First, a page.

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2017 South Side Questions – Game Edition: What Must Be Avoided To Win?

The journey toward the Super Bowl is now well under way with the Pittsburgh Steelers back practicing at the UPMC Rooney Sports Complex, still informally referred to as the ‘South Side’ facility. With the regular season standing in their way on the path to a Lombardi, there will be questions for them to answer along the way.

We have asked and answered a lot of questions during the preseason and through training camp, but much of the answer-seeking ends in the regular season, and teams simply have to make do with what they have available to them. Still, there will always be questions for us.

You can rest assured that we have the questions, and we will be monitoring the developments in the regular season and beyond as they develop, looking for the answers as we evaluate the makeup of the Steelers on their way back to the Super Bowl, after reaching the AFC Championship game last season for the first time in more than half a decade.

Question: Game Edition – What one thing must the Steelers do to avoid blowing tonight’s game?

The stage is set tonight for the Steelers to really start to author their story for the 2017 NFL season. Running on a four-game winning streak that has mostly consisted of sub-par teams, many of whom they somewhat narrowly escaped, the Titans remain one of their greatest remaining impediments to their ultimate goal.

In order to secure homefield advantage throughout the playoffs, Tennessee suddenly becomes a pretty important player. After all, they are also on a four-game winning streak, and are just a loss behind the Steelers. Should the Titans win, they would have the same record. And the head-to-head tiebreaker.

For semantic purposes, I should point out that if the Chiefs also win this week, resulting in the Steelers, Titans, and Chiefs all being 7-3, then the Steelers would still control the number two seed, as the head-to-head tiebreaker among three teams who have not all played each other is not applicable. The next tiebreaker is the conference record, and Pittsburgh would still have the best, at 5-2, even with a loss.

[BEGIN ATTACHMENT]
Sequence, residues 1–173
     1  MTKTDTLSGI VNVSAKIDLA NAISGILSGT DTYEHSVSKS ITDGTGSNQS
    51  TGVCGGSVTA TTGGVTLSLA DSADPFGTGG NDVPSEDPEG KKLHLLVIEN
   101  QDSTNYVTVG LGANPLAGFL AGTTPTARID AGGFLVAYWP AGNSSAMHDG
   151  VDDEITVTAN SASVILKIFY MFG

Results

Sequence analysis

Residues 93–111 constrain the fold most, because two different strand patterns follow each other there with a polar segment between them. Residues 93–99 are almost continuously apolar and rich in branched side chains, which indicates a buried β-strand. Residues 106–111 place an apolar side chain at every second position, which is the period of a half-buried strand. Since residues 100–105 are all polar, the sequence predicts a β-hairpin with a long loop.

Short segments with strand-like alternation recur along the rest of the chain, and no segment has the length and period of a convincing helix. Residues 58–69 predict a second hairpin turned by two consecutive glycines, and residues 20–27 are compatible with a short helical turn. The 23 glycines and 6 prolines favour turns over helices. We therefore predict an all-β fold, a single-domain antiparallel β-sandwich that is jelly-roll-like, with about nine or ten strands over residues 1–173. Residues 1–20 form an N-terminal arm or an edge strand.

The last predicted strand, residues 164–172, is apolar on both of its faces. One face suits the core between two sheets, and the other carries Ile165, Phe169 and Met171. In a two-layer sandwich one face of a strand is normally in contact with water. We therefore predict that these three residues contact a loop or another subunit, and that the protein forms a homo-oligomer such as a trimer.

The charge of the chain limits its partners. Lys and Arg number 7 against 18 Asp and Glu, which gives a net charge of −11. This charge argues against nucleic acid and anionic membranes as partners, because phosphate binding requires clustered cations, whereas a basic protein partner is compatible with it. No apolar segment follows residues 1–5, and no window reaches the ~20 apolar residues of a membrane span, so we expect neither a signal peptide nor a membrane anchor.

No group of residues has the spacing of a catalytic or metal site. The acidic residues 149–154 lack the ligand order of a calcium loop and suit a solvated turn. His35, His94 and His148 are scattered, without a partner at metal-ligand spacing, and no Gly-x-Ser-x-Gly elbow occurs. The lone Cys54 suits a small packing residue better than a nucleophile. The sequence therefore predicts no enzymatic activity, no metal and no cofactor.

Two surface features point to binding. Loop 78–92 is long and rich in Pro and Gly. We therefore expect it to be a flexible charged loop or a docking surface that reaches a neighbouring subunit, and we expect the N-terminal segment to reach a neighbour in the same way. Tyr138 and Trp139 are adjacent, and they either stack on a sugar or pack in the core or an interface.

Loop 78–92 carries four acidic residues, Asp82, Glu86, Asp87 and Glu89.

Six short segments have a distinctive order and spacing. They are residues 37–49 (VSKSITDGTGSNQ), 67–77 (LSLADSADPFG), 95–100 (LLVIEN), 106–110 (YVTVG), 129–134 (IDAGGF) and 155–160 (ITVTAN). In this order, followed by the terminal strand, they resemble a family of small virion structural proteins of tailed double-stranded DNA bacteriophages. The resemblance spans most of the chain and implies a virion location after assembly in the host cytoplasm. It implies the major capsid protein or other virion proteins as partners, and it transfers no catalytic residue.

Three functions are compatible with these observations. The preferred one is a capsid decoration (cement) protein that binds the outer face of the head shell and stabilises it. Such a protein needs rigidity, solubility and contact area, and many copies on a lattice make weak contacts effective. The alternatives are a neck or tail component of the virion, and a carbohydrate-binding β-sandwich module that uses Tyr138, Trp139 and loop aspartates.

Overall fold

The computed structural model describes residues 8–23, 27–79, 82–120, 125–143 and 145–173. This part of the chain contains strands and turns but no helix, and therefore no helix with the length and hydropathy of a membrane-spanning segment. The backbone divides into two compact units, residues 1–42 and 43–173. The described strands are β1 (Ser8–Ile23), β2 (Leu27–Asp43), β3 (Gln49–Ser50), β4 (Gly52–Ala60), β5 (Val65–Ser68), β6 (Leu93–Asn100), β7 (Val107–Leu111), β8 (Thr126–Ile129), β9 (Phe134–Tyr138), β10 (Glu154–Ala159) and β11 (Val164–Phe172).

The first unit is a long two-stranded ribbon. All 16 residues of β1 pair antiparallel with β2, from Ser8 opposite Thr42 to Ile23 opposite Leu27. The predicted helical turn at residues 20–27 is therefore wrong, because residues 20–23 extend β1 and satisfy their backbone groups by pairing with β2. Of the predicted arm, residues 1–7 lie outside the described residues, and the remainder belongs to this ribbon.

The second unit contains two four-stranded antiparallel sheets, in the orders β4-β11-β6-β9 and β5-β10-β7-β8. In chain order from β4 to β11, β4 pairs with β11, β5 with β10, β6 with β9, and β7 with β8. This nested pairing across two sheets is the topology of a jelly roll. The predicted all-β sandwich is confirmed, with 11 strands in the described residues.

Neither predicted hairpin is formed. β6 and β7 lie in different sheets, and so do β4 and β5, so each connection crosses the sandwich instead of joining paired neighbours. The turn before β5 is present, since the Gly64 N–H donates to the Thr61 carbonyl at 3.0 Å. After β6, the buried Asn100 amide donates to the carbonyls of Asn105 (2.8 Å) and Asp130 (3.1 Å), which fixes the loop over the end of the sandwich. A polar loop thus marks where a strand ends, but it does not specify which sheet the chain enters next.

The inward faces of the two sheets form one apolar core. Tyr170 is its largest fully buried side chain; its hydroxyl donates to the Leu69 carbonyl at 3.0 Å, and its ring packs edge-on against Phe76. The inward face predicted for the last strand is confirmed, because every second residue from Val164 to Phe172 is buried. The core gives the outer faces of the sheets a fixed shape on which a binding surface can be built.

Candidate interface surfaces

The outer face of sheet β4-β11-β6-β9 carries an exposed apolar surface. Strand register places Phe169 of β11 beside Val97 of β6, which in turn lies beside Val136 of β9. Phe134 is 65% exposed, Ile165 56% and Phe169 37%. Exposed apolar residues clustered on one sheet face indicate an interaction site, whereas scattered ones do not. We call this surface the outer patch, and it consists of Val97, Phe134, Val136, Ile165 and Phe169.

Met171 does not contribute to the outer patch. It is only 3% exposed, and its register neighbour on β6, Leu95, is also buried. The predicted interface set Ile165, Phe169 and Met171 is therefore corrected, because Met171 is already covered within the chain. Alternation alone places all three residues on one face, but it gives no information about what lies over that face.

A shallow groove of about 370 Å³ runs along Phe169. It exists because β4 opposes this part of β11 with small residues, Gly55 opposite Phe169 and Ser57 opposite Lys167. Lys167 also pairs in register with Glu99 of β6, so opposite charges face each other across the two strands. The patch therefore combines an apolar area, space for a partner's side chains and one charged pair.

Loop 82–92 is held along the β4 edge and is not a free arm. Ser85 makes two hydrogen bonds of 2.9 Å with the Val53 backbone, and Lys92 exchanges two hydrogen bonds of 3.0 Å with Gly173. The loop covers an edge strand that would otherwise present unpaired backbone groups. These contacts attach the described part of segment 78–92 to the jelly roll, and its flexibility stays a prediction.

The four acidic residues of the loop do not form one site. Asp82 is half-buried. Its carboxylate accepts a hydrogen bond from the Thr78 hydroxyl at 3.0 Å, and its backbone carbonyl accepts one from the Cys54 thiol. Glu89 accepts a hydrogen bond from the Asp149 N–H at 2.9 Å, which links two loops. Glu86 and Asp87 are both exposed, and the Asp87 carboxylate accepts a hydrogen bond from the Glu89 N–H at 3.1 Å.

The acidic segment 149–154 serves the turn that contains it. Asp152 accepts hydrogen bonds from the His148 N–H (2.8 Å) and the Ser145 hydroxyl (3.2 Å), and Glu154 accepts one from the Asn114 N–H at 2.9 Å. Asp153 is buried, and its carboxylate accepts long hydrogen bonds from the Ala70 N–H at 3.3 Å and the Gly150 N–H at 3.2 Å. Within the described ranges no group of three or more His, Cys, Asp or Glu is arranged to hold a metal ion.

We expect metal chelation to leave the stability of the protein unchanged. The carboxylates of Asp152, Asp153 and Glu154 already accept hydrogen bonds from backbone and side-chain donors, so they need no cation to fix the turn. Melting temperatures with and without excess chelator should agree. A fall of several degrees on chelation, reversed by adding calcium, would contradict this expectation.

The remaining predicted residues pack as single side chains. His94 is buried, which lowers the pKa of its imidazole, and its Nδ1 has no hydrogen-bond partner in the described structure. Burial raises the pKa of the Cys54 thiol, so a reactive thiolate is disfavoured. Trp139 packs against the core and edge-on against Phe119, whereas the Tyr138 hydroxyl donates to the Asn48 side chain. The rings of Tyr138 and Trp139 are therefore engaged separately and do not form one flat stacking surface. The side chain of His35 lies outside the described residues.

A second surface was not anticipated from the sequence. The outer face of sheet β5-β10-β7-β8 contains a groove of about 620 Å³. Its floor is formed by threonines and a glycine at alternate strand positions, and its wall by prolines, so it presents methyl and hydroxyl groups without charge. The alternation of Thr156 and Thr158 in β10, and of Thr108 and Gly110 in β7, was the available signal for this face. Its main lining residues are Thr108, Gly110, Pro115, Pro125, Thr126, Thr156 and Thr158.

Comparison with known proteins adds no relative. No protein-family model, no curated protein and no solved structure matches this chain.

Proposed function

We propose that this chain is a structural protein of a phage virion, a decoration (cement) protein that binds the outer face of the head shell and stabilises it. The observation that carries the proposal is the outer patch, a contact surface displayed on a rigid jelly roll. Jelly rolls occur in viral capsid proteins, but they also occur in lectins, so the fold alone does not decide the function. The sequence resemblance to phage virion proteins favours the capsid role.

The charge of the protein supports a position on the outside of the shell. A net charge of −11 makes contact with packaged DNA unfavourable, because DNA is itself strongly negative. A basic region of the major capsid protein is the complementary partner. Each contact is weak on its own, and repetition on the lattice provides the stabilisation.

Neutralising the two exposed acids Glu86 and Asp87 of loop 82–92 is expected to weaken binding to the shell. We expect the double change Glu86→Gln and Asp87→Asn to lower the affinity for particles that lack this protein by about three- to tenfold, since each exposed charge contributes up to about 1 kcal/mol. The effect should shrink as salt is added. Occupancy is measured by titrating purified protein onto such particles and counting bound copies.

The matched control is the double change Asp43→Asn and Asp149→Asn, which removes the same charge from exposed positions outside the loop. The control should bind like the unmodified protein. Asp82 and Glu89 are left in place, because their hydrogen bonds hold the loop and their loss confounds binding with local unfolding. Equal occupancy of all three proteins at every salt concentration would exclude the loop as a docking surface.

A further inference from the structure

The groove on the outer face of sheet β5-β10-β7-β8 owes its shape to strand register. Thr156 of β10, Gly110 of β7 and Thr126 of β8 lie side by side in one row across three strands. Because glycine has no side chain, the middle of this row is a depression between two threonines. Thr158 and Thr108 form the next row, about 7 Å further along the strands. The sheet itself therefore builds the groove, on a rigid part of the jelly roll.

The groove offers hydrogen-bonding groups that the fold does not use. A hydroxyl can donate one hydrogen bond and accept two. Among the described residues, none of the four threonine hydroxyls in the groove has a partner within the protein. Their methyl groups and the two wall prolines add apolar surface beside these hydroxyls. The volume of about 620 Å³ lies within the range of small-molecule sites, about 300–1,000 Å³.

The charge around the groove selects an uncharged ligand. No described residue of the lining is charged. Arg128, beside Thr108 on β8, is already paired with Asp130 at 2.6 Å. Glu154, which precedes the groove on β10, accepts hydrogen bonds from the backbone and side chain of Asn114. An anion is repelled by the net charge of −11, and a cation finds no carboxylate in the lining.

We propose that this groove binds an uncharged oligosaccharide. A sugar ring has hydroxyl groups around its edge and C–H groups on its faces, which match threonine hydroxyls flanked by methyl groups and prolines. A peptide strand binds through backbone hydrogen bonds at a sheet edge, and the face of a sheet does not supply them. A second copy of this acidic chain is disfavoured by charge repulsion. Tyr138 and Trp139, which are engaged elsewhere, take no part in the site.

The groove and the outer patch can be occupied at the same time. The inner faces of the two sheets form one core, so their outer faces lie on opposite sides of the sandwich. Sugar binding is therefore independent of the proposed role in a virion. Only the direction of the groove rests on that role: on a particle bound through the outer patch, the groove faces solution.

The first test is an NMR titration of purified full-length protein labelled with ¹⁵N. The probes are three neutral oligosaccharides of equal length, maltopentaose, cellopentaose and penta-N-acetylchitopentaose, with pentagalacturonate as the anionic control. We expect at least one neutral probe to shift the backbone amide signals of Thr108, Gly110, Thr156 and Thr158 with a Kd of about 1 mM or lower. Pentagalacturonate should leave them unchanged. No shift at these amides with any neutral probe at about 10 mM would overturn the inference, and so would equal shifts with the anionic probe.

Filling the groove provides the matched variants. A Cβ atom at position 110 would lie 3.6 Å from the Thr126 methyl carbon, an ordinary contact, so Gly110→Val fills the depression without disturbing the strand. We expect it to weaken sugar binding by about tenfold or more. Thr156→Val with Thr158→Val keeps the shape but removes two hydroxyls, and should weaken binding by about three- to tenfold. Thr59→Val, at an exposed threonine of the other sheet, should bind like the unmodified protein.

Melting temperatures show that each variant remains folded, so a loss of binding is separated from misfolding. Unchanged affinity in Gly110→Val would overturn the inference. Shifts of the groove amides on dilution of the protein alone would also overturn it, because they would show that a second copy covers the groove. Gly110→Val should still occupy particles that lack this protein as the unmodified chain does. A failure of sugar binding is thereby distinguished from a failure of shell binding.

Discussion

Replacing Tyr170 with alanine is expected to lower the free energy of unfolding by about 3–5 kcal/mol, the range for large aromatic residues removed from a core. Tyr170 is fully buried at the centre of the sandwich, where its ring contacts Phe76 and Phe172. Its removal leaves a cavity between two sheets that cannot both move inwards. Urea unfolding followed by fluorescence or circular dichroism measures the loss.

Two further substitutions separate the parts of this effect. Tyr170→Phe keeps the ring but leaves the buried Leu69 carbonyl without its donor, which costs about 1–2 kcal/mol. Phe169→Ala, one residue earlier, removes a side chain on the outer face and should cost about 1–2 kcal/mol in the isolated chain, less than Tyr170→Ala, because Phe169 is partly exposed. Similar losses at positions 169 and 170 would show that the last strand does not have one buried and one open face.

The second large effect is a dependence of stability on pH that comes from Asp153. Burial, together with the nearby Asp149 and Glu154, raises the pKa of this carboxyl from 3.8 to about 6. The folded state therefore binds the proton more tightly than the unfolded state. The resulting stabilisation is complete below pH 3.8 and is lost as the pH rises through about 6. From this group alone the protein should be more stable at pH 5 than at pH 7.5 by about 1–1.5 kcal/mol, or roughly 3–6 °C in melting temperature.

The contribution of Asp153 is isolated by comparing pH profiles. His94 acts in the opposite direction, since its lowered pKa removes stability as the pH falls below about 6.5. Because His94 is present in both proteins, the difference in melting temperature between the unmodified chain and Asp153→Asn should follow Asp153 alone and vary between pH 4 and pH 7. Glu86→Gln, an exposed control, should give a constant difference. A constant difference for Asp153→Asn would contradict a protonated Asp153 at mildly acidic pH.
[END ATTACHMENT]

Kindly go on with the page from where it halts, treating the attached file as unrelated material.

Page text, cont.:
To really belabor the issue, which will not even be relevant for long, with six more games to play after this, should the Patriots also lose in Oakland and fall to 7-3, the Steelers would still have the top seed, for the same reason. New England would have a 4-2 conference record. Edit: A reader pointed out to me that the Jaguars are also 6-3. They currently have a conference record of 6-2 and are playing the Browns. If the Steelers, Patriots, Chiefs, Titans, and Jaguars all end up at 6-3, here’s how it would go:

The Titans and Jaguars are in the same division, so they would have to settle a tiebreaker. The Titans beat the Jaguars earlier this year, they the Jags would be put aside for the moment until the Titans are seeded. In this scenario, the Steelers would still be on top, then the Chiefs and Patriots would have to break a tiebreaker among them based on common games if there are at least four. I don’t feel like figuring it out right now, but they would be two and three, followed by the Titans. The Jaguars would still be a wildcard.

But what was I even talking about again? Oh yeah, avoiding the above scenario by beating the Titans and assuring to not do the one thing that would make it most likely that they would lose. And what would that be?

This is the class participation part of the lesson.

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